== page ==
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Farming without the use of conventional soil

  • By admin
  • February 15, 2017
  • 0 Comment

Climate change has reared its ugly head on livestock production by making it increasingly difficult due to lack of pasture and fodder for the animals coupled by the high cost of animal feeds. In the recent years, the country has experienced extensive drought which has affected food production in the country. Therefore, conventional methods of farming have become unreliable in addressing food security.

Hydroponics Kenya is the pioneer initiator of hydroponic farming technology in East and Central Africa. They specialize in the manufacturing, installation and marketing of customized hydroponic fodder and vegetable systems to help small and medium holder farmers have access to a high quality, cost-effective and sustainable way of farming. Other products include aeroponic and aquaponic systems. The farmers also access training and demonstration of the hydroponics systems at the company’s offices in Zambezi, Kikuyu, Kiambu County and Nairobi. The company distributes its products to farmers in Kenya, Uganda, Rwanda and Tanzania.

Hydroponic farming entails growing crops using mineral nutrient solutions in water thus reducing the need for soil. Their modern and innovative farming technology is resilient to climate change, provides superior nutritional value and faster growth at limited cost input. High value crops such as coloured capsicum, cauliflower, sprouts, lettuce, strawberries among others have proven to give higher yields with this technology.

Peter Chege the founder and CEO established the company in 2002 focusing on supplying farmers with nutritional supplements to enhance animals output. Throughout the years Peter learnt that many farmers incurred high costs for animal fodder, and that the quality of animal fodder was often not satisfactory. To address this problem, in 2013 the company started producing hydroponic systems that enable farmers to grow quality animal feed at low costs, while also providing them with the opportunity of growing all sorts of vegetables apart from tubers.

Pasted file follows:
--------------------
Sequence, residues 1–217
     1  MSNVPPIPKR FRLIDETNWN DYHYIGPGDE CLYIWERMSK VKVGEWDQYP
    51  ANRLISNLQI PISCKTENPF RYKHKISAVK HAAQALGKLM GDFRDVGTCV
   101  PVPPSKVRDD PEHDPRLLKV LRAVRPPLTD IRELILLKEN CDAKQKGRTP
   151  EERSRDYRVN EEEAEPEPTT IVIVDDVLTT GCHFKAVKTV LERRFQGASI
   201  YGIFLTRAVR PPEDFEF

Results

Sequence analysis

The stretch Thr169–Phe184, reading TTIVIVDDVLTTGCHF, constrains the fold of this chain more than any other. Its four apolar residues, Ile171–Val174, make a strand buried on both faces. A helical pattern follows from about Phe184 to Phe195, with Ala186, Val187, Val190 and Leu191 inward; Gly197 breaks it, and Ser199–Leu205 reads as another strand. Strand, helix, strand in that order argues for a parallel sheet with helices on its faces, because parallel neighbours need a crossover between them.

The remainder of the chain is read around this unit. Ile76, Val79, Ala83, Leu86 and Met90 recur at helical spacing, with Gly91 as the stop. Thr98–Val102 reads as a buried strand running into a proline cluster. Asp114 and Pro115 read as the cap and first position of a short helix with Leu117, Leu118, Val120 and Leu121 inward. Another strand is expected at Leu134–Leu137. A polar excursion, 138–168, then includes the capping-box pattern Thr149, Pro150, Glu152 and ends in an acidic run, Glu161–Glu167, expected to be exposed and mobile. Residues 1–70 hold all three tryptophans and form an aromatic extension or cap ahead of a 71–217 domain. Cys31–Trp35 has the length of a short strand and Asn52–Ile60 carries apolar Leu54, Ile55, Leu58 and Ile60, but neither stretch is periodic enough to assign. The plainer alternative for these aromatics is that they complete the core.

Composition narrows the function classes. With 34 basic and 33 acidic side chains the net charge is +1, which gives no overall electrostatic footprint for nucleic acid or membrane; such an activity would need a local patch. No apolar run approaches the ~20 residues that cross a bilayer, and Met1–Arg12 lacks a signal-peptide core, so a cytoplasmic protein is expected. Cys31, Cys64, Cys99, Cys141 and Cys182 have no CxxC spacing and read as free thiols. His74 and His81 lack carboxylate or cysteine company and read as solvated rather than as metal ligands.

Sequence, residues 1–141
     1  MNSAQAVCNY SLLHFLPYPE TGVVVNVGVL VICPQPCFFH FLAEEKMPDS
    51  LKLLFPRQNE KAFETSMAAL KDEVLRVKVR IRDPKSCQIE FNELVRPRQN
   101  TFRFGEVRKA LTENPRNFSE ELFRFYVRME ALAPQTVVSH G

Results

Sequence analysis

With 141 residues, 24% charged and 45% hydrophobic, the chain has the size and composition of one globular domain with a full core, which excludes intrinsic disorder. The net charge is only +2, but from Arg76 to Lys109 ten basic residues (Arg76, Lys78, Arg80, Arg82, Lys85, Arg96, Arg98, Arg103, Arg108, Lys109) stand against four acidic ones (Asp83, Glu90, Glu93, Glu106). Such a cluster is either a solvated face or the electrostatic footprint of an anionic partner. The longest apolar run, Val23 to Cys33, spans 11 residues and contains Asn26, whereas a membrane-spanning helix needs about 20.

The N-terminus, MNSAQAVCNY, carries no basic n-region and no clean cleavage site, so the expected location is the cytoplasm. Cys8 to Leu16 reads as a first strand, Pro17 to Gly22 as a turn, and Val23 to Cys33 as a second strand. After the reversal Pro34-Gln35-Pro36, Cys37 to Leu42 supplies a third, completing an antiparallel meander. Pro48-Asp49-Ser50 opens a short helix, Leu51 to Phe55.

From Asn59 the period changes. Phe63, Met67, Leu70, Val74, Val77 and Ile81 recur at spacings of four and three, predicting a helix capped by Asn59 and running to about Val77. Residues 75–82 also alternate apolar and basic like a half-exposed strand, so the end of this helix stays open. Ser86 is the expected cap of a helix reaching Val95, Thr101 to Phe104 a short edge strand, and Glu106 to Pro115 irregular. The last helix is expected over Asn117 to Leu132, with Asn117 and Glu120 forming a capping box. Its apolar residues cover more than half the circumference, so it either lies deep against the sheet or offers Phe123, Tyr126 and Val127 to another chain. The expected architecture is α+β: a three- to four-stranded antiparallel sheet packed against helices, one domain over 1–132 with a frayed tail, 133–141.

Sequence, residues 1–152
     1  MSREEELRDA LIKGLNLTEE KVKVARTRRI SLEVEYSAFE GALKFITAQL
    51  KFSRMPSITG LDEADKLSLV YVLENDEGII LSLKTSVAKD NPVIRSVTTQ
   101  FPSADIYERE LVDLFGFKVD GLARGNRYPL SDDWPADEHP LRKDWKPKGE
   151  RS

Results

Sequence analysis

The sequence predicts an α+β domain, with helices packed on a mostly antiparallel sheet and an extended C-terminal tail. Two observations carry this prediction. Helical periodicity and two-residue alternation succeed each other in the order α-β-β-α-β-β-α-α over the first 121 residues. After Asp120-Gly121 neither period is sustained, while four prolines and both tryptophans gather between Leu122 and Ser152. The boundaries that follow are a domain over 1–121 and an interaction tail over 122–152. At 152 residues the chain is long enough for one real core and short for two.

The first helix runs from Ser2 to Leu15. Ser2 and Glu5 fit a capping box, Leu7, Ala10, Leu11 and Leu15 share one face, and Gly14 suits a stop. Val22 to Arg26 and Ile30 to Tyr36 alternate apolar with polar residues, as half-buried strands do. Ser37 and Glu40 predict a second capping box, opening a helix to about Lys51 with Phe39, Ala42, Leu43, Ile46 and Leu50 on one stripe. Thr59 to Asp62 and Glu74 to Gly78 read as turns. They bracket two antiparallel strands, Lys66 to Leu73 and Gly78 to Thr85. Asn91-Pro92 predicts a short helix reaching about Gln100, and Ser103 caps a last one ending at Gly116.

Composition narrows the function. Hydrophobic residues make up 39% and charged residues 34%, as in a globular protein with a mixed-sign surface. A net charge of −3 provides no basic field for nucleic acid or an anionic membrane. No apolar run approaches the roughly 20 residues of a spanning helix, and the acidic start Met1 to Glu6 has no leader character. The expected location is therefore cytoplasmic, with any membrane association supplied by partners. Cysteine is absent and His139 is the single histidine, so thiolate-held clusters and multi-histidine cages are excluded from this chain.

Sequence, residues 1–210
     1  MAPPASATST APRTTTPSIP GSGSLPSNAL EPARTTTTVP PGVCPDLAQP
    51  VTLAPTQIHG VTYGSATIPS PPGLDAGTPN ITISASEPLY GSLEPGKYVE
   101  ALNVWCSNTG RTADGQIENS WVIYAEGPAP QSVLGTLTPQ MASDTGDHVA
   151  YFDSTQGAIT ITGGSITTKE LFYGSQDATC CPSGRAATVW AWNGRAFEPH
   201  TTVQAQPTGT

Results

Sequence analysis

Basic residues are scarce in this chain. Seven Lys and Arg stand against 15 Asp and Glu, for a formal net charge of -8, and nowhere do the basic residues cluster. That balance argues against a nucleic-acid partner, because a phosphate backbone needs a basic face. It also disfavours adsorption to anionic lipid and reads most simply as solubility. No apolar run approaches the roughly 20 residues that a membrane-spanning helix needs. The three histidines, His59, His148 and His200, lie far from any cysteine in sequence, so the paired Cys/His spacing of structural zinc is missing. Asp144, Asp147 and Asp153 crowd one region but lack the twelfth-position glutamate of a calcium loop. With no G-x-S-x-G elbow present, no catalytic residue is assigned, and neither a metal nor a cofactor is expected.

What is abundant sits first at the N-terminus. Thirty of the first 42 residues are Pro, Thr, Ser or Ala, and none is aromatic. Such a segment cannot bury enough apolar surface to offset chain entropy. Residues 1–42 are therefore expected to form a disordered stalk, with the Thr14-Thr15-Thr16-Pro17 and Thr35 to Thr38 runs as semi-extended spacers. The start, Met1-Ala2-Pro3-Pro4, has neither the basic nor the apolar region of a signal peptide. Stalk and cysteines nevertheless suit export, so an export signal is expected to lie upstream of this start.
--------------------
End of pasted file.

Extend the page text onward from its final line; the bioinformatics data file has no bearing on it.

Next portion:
The company earns revenue through installation of the hydroponics technology and training farmers across Africa.  So far, they have trained 5000 farmers, at a cost of Ksh1000 for a group of up to five people. They conduct their own research, market analysis and link farmers to the right markets to sell their produce.

The installation of the technology has been adopted in Rwanda, Somalia, Tanzania and Uganda. Early this year, the government of Nepal had expressed interest in the hydroponics technology and the negotiations are ongoing. Last month the company did an installation in Burkina Faso. The County government has also been supportive to Hydroponics Kenya. 

The company has faced a number of challenges. Due to the drought, their expenditure on water has increased. They are however sinking a borehole at their Mai Mahiu site which will ensure continuous supply of water. Uptake of the technology has also been slow. Most of the people willing to take up the technology are young but they lack the capital to invest in the technology. The company is in need of increased capacity in terms of agronomists and technicians. Currently there is only one agronomist serving 1600 clients.

Hydroponics Kenya hopes to feed Africa through hydroponics. As a client of the Kenya Climate Innovation Center (KCIC), the company has benefitted through various services offered by KCIC such as business advisory, access to finance – Proof of Concept Grant provided in 2015 through to 2016. They have been able to get a patent for one of their technologies (fonder). The company has limited resources thus limiting them from visiting their farmers as often as possible in order to track the progress of the used systems.